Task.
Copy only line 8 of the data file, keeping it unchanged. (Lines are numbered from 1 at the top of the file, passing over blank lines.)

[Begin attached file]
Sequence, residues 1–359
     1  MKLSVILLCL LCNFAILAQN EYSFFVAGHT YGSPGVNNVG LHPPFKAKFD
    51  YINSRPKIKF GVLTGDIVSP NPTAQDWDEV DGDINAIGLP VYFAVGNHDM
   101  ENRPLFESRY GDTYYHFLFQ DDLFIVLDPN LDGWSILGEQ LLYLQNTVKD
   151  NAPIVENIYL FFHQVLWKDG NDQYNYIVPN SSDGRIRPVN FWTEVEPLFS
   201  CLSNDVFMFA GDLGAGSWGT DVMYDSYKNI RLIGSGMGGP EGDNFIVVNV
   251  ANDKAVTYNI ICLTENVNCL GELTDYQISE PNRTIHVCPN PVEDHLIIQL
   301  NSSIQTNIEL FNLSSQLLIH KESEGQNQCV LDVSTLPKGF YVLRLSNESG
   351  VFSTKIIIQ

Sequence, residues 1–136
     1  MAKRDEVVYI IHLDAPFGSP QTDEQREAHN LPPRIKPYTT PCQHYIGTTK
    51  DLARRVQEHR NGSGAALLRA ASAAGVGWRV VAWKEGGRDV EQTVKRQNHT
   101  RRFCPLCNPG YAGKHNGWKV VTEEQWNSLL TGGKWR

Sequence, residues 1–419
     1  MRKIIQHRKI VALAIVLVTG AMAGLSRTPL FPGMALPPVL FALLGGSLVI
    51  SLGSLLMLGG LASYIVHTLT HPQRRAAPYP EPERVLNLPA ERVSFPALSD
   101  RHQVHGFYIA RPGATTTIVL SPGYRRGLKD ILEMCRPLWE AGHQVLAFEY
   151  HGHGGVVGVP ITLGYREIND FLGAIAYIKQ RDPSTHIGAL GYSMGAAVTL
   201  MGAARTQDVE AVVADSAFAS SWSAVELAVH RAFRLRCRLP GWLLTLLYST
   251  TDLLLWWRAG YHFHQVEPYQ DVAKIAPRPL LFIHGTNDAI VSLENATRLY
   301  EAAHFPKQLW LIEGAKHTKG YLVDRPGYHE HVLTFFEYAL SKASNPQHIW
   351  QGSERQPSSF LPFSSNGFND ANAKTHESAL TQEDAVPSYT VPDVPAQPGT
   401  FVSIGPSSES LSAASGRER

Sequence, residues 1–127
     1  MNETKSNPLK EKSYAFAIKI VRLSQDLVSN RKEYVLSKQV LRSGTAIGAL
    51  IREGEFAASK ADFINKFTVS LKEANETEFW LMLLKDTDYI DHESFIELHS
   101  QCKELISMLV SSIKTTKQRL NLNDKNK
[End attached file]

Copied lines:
   301  NSSIQTNIEL FNLSSQLLIH KESEGQNQCV LDVSTLPKGF YVLRLSNESG